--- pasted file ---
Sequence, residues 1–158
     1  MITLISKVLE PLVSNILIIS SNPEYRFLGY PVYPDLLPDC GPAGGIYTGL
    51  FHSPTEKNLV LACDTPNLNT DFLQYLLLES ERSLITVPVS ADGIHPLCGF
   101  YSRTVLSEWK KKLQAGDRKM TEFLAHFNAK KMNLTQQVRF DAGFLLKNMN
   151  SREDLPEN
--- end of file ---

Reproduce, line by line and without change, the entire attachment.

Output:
Sequence, residues 1–158
     1  MITLISKVLE PLVSNILIIS SNPEYRFLGY PVYPDLLPDC GPAGGIYTGL
    51  FHSPTEKNLV LACDTPNLNT DFLQYLLLES ERSLITVPVS ADGIHPLCGF
   101  YSRTVLSEWK KKLQAGDRKM TEFLAHFNAK KMNLTQQVRF DAGFLLKNMN
   151  SREDLPEN